British Prime Minister Boris Johnson was discharged from the hospital on Sunday, a Downing Street spokesman said, a week after being admitted for treatment for the coronavirus and spending three days in intensive care.

“The PM has been discharged from hospital to continue his recovery at Chequers,” the spokesman said, referring to the prime minister’s country estate outside London.

“On the advice of his medical team, the PM will not be immediately returning to work.”

Johnson, 55, was diagnosed over two weeks ago, becoming the first world leader confirmed to have the illness. His coronavirus symptoms at first were said to have been mild, including a cough and a fever, and he was working from home during the first few days.

But he was admitted to St. Thomas’ Hospital on April 5 after his condition worsened, and he was transferred the following day to its intensive care unit, where he received oxygen but was not put on a ventilator. He spent three nights there before moving back to a regular hospital ward.

While he recovers, Johnson has asked Foreign Secretary Dominic Raab to handle the nation’s response to the pandemic that has infected at least 1.78 million worldwide and killed 109,000 people. Experts say those numbers seriously understate the impact of the pandemic due to limited testing and different ways of counting the dead.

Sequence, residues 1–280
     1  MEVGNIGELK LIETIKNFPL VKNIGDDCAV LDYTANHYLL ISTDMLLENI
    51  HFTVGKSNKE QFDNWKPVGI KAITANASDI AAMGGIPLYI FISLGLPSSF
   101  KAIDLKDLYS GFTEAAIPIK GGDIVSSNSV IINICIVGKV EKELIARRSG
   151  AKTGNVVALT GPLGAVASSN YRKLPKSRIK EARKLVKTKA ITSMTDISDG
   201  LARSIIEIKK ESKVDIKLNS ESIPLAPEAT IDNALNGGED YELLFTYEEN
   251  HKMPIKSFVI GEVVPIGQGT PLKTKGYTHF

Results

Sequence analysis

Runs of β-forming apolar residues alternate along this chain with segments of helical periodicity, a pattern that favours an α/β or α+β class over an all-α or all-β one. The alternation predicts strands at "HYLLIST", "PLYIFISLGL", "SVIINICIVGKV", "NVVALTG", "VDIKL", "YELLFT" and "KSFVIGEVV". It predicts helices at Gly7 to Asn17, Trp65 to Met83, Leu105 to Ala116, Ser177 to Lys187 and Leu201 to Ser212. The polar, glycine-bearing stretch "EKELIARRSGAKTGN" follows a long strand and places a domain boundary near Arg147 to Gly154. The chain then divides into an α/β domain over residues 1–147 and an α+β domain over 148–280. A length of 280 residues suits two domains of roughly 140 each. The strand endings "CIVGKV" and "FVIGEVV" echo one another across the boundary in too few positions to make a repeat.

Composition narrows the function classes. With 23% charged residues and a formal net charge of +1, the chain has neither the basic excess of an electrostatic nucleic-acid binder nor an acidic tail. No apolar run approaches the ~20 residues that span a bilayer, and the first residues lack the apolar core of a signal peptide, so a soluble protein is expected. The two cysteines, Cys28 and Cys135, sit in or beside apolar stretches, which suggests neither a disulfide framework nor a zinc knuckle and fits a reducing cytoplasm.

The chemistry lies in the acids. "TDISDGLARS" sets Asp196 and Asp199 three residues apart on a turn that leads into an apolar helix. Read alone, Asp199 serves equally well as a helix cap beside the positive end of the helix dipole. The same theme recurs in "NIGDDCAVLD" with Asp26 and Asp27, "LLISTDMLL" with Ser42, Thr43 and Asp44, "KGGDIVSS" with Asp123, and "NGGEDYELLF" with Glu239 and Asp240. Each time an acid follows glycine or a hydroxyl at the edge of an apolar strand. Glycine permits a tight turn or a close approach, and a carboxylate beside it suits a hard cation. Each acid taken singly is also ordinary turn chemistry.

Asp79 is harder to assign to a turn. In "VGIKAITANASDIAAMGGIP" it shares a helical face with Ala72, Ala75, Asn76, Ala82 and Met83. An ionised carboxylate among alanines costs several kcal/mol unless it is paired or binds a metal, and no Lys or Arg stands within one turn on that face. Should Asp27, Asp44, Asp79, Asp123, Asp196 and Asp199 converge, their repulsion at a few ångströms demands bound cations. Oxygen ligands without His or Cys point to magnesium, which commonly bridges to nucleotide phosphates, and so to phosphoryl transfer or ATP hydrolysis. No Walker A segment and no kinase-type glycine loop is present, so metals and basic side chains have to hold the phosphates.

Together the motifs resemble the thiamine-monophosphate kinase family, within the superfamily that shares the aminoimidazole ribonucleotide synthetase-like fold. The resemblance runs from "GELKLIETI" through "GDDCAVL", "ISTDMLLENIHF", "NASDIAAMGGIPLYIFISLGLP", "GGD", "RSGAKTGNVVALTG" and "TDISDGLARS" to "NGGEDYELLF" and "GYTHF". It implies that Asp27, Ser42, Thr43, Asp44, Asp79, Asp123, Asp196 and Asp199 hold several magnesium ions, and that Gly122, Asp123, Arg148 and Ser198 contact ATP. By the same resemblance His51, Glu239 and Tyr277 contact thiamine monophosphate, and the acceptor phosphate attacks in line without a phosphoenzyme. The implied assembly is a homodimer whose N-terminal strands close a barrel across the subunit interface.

Britain has been in effective lockdown since March 23, and the government is set to extend the restrictions sometime next week.

But Johnson’s Conservative government has come under fire for its slow response to confronting the pandemic, allowing tens of thousands to gather at the Cheltenham horse racing festival in mid-March, for example. It’s also faced criticism for its slow rollout of a coronavirus testing program.

Over the past few days, the government has also faced acute criticism for the lack of personal protective equipment for frontline workers in hospitals amid reports that some nurses have had to resort to cutting up garbage bags to cover themselves.

Health Secretary Matt Hancock revealed Saturday that 19 frontline workers have died from the virus.

The Royal College of Nursing has piled more pressure on the government, urging members to refuse to treat patients as a “last resort” if adequate protections are not provided.